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ios 8 wants

iOS 8 wish-list: What we'd love to see at WWDC 2014!

The WWDC 2014 opening keynote is only a few short days away and that means, if Apple sticks to pattern, we should see the first preview of iOS 8. Since the big redesign was already done last year, that should mean polish and rounding out the feature set is what we get this year. Granted, getting OS X 10.10's big update out the door might mean some iOS 8 features become iOS 8.1 or even iOS 9 features. That can always happen. However, outside the walls of Cupertino we here have the luxury of just wishing for stuff. Just wanting it. And that's what this is — a list of some of the things, big, small, and in-between we'd love to see in iOS 8.

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iOS 8 wants: Pervasive inter-app communications

Android has intents as a way to request an action from another app. Windows Phone has contracts and extensions to declare supported interactions. Apple added inter-app communication in iOS 7, but only for audio. That's why more pervasive inter-app communications remains one of the most requested features for iOS 8. So what is it and why is it taking so long?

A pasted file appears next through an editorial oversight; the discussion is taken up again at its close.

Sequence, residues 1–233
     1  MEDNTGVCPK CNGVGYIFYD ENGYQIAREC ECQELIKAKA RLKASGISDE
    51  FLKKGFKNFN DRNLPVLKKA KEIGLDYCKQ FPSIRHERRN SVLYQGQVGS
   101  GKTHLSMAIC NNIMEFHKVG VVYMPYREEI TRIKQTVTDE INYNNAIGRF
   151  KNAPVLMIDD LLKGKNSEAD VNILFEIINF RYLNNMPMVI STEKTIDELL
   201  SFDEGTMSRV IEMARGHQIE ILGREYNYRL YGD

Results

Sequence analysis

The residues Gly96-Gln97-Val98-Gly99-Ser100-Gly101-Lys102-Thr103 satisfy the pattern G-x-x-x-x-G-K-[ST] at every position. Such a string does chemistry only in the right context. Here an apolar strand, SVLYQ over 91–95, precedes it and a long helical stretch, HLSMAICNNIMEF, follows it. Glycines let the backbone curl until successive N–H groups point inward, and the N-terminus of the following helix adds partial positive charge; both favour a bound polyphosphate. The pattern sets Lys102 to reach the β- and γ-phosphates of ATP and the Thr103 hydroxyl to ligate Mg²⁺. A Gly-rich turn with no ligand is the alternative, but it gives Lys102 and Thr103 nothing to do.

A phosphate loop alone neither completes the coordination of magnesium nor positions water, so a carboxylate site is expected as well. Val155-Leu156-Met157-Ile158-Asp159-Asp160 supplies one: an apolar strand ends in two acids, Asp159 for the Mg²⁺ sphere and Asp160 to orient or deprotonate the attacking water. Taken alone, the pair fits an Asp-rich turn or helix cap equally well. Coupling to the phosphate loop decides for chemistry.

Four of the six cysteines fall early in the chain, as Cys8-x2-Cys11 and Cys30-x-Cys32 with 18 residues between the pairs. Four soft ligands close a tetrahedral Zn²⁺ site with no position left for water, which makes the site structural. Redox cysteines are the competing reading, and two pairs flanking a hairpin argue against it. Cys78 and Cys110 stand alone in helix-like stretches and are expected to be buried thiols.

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iOS 8 wants: Comic book reading mode for iBooks

Okay, technically this is an iBooks wish rather than an iOS 8 wish but what better time to ask for something as amazing demonstrable as a comic book reading mode than when Apple's about to kick off their first Keynote of the year? And given the recent sale of comiXology to Amazon and the subsequent removal of IAP from the Comics app, when better for Apple to give their own comic book reading experience some attention?

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iOS 8 wants: Battery shaming

Battery life is one of the most important elements of a modern mobile device. That's why iMore's battery life tips are some of our most popular articles, and why our comments, social feeds, and forums are filled with battery life questions, boasts, and complaints. Apple prioritizes battery life above almost everything else, even making the iPad 3 and Retina iPad mini ever-so-slightly thicker and heavier just to maintain 10 hours of battery life. Yet some apps, especially those that use VoIP like Skype, that use GPS like Google Maps, or those that have rogue processes or other glitches can still chew through power at an alarming rate. That's where battery shaming comes in. Battery shaming was introduced on the Mac with OS X Mavericks and I'd love to see something like it on the iPhone and iPad in iOS 8.

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iOS 8 wants: Interactive notifications and push interface redux